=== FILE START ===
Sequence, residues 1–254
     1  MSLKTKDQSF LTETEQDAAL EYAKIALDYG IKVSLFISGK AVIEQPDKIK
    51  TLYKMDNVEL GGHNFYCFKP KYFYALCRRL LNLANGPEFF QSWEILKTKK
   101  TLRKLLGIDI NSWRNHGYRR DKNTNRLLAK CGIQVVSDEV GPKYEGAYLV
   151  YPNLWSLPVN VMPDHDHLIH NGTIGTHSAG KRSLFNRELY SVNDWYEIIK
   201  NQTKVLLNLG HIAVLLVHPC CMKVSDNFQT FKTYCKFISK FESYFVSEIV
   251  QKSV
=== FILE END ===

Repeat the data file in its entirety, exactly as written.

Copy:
Sequence, residues 1–254
     1  MSLKTKDQSF LTETEQDAAL EYAKIALDYG IKVSLFISGK AVIEQPDKIK
    51  TLYKMDNVEL GGHNFYCFKP KYFYALCRRL LNLANGPEFF QSWEILKTKK
   101  TLRKLLGIDI NSWRNHGYRR DKNTNRLLAK CGIQVVSDEV GPKYEGAYLV
   151  YPNLWSLPVN VMPDHDHLIH NGTIGTHSAG KRSLFNRELY SVNDWYEIIK
   201  NQTKVLLNLG HIAVLLVHPC CMKVSDNFQT FKTYCKFISK FESYFVSEIV
   251  QKSV